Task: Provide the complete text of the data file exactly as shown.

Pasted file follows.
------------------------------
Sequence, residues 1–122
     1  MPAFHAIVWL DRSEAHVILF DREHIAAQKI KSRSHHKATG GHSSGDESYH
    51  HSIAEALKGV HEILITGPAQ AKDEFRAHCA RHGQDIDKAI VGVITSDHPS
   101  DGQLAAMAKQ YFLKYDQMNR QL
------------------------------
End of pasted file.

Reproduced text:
Sequence, residues 1–122
     1  MPAFHAIVWL DRSEAHVILF DREHIAAQKI KSRSHHKATG GHSSGDESYH
    51  HSIAEALKGV HEILITGPAQ AKDEFRAHCA RHGQDIDKAI VGVITSDHPS
   101  DGQLAAMAKQ YFLKYDQMNR QL